I wouldn't worry about bags so much at this point as getting the applicable permits in place.

Florida law defines markets selling fruits and veggies as food outlets.  500.03, FL Statutes.

flourgirl51's picture
flourgirl51

It all depends on your state's requirements. Here in MN the breads have to be wrapped PLUS we are required to have a canopy. I have seen plexiglas display cases at the market in Madison, WI where the breads are not wrapped but then placed in bags after purchase.

Aprea's picture
Aprea

in my opinion.  A table full of plastic wrapped baked goods outside in the humidity does not lend to impulse buying.  A basket full of fresh baguettes on the otherhand does. 

Regarding the commercial kitchen issue that Lindy brought up - that is a hassle too, but one that I could embark on if I knew I could display it in an appealing way.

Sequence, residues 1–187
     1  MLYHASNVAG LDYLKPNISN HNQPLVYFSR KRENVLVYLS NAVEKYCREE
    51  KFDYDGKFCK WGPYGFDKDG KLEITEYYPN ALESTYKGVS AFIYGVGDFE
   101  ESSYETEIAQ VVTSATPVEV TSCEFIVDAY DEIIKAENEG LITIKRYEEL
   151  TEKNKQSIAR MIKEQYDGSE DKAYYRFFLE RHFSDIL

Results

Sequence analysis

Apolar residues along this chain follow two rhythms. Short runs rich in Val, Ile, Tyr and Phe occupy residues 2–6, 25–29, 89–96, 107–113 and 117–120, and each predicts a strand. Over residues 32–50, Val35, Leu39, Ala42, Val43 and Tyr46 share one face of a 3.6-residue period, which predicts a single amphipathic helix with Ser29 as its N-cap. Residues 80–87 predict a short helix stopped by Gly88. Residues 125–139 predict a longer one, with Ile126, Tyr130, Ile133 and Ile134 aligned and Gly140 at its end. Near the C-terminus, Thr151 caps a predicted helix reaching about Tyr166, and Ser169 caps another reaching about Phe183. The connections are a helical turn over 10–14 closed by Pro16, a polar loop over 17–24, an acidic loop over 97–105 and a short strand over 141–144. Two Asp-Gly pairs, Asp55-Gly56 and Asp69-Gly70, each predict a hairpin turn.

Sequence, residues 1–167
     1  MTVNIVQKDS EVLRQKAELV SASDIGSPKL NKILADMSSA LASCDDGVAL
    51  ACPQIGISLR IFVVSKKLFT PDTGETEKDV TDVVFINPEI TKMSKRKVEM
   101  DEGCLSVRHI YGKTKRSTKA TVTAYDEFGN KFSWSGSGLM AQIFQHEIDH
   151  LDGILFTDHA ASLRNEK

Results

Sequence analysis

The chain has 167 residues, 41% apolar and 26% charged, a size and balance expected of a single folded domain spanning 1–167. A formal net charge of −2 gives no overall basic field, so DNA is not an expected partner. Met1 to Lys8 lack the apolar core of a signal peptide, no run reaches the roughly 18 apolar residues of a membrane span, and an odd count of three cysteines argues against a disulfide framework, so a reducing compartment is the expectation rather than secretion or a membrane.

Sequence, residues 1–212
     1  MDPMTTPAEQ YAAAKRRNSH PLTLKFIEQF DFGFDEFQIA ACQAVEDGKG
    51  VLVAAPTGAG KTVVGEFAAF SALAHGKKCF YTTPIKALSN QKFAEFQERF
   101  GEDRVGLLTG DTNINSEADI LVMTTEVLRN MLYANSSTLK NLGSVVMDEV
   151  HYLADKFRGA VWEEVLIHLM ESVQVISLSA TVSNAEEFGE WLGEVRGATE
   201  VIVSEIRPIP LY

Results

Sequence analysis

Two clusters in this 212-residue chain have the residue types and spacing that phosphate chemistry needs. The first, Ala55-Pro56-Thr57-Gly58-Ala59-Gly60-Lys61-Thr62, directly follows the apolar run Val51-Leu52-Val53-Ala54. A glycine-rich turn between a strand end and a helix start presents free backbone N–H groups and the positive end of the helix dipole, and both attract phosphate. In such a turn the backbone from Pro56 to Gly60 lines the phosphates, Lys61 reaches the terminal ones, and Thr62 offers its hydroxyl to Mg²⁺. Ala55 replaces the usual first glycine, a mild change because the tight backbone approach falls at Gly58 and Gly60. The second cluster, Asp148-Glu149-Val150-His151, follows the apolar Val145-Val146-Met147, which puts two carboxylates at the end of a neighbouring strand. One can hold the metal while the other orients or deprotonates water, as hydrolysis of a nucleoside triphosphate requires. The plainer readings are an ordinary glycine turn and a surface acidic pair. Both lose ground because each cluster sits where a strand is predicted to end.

I will probably have to continue to bake strictly for friends and family.  Thank you for your thoughts.

flourgirl51's picture
flourgirl51

Again- check with your state. Here you don't need a commercial kitchen if you sell less than $5000.00 of something in a season.

ehanner's picture
ehanner

I got some plastic bags from Mark Sinclair at Back Home Bakery that have small micro cuts in them. It allows you to put the bread in the bag while still warm and to some extent helps release the moisture and keep the bread fresh. Also keeps the bugs out. I don't know the source but I'm sure Mark would tell you if you asked. They were not expensive and seem to do the job.

Eric

Baker007's picture
Baker007

We don't have those requirements here (Australia). Most are out in the open. One of the stalls uses a large plastic display case - perhaps you could look into this option.

You'd still be able to display your breads and then place into a bag after purchase.

 

Lauren

gcook17's picture
gcook17

Can you take the loaves to the market unbagged and then bag each one as it sells?

LindyD's picture
LindyD